By Rebekah Jacob
To have studied and explored the archive of the renowned civil rights photojournalist James Karales has been a lifetime's privilege. In early 2000, I was allowed the honor of sifting through thousands of contact sheets, work prints, mounted photographs, notes, and magazines still marked by his fingerprints. Although we never met, I have come to know the greatness of a man revealed both by what he recorded and by what was left unsaid.
I first immersed myself in these treasures in preparation for the exhibition 1969: Controversy and Hope / Iconic Images by James Karales, organized for the Rebekah Jacob Gallery in the spring of 2009. Karales was a lifelong and avid photographer. Woven throughout his oeuvre of photo-essays in his trademark compassion for social injustice and eye for political upheaval, whether on the Lower East Side of Manhattan, in Vietnam, in the integrated mining town of Rendville, Ohio, or during the turbulent years of the civil rights movement. the civil rights story offered perhaps the richest materials to mine for a book.
The modest Karales only occasionally printed his work and rarely presented it in exhibitions or publications beyond the initial assignment for which it was created. delving into his meticulously preserved archive, I worked to share Karales's voice with a larger audience, focusing on the period 1960-65. Together with Julian Cox, we spent two years editing and sequencing more than 2,000 images to arrive at a final selection of 93 plates. A modest percentage of the images included in this book were published in Look magazine, and some have since been reproduced in books and magazines, but the majority have never been exhibited or published. Our extensive research also included the study of vintage prints in museum collections, the Karales Archive in the Rare Book, Manuscript, and Special Collections Library at Duke University, and a thorough review of the Look archives at the Library of Congress. Photographs consigned from the Howard Greenberg Gallery and the Rebekah Jacob Gallery in Charleston, South Carolina, were also vital resources. Recollections shared by Karales's contemporaries Tony Vaccaro, Bob Adelman, Steve Shapiro, Matt Herron, and Paul Fusco added an invaluable human dimension to the project.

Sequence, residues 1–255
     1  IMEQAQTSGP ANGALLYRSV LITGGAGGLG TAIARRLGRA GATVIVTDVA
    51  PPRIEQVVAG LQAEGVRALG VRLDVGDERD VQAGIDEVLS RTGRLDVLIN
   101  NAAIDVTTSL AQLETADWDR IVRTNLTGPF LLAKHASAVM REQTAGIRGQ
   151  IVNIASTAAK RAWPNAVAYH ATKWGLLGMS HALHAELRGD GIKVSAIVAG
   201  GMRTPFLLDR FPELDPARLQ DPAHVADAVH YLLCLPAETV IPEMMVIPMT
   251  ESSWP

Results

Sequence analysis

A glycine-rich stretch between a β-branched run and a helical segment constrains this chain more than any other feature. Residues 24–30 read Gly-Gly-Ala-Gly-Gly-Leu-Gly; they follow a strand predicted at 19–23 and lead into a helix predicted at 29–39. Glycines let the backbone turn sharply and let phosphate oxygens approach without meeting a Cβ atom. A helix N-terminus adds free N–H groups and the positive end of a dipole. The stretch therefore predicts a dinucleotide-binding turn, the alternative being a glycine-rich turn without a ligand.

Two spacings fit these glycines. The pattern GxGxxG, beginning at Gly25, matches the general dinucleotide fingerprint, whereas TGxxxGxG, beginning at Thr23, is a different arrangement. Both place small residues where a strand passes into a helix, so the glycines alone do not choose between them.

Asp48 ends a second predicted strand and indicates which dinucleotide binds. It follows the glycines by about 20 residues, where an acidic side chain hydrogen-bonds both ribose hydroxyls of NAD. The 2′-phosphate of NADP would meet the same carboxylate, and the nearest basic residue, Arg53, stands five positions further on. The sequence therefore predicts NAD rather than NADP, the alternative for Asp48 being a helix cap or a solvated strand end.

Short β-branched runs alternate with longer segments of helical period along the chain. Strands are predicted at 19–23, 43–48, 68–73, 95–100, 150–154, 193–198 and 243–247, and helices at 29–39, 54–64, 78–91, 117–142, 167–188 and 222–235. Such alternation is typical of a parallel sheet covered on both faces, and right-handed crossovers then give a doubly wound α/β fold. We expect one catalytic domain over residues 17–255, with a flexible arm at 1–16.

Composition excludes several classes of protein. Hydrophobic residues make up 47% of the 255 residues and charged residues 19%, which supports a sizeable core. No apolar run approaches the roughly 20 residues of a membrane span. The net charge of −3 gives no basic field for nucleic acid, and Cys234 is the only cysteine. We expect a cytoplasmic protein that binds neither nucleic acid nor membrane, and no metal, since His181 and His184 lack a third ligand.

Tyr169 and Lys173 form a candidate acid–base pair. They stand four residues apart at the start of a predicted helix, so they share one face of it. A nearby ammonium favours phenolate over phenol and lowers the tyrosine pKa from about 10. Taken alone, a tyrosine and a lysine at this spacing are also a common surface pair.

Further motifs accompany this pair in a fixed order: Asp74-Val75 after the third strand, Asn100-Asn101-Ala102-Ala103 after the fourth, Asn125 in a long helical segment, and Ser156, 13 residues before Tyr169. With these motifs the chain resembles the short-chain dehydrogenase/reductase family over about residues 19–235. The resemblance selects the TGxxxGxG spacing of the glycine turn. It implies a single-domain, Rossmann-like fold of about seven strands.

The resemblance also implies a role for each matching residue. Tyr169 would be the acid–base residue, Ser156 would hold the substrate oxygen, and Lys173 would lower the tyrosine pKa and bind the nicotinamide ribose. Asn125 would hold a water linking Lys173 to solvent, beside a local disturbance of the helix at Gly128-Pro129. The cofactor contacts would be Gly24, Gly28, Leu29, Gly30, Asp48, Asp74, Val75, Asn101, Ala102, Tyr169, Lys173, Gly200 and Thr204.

The 190s were the heyday of the great photography magazines, providing working photographers with the opportunity to capture the spirt of the time in elaborate, multipage spreads with large images. Civil rights leaders embraced the medium as a vehicle to inform and educate the general public and as a means to document their momentous journey. Magazines were hungry to print images from the front lines. Despite the dangers for journalists, photographers were drawn to the drama of the civil rights story and provided valuable witness to the demonstrations, arrests, riots, and burnings.
With several camera slung around his neck and a cigarette in one hand, Karales focused his intense glaze on one of the most challenging issued in our nation's history. He balanced the job's requirements with is own aesthetic to find a different story, one of tenderness and triumph. Within the crowds his discerning eye discovered heroic portraits of individuals, such as a teenage boy enveloped by a massive, hand-stitched flag, or a youth with "vote" emblazoned across his forehead.
Arguably the most signifiant work at this time comes from Karales's close access to Dr. Martin Luther King, Jr., and other key civil rights leaders. One of only a few photographers to enter King's home, Karales crated images of Dr. King that go beyond the expected to portray quiet, telling moments. One photograph reveals Dr. King's fatherly angst as he painfully broke the news to his young daughter that she was forbidden to visit an amusement park because of her race. The caption in the February 12, 1963, issue of Look reads: "I told my child about the color bar."
The photographs in this book, Controversy and Hope: The Civil Rights Images of James Karales, present the range of civil rights assignments that Karales undertook in teh years 1960-1965: nonviolent passive resistance training in Atlanta in 1960; the Southern Christian Leadership Conference (SCLC) convention in Birmingham in 1962; an intimate series of the King family at home in Atlanta in 1962; Dr. King and Rev. Ralph Abernathy's campaign in Birmingham in 1962, which includes pictures made in the Sixteenth Street Baptist Church, with Rev. C.T. Vivian, Rosa Parks, and other leaders in attendance. The story concludes with a selection of images documenting the Selma to Montgomery March for Voting Rights in 1965, which provided the culminating and iconic images of a movement that had become so personal Karales.
Despite the passage of time, or perhaps heightened by it, we are able to see the integrity and clarity of Karales's vision against the backdrop of a crucial juncture in our shared history. His work continues to compel us to remember both what divides us and what unites us. It is my hope that this publication reveals previously untold moments in this pivotal era of American history.
Preface by Rebekah Jacob, published in Controversy and Hope: The Civil Rights Photographs of James Karales, published by the University of South Carolina Press, 2013.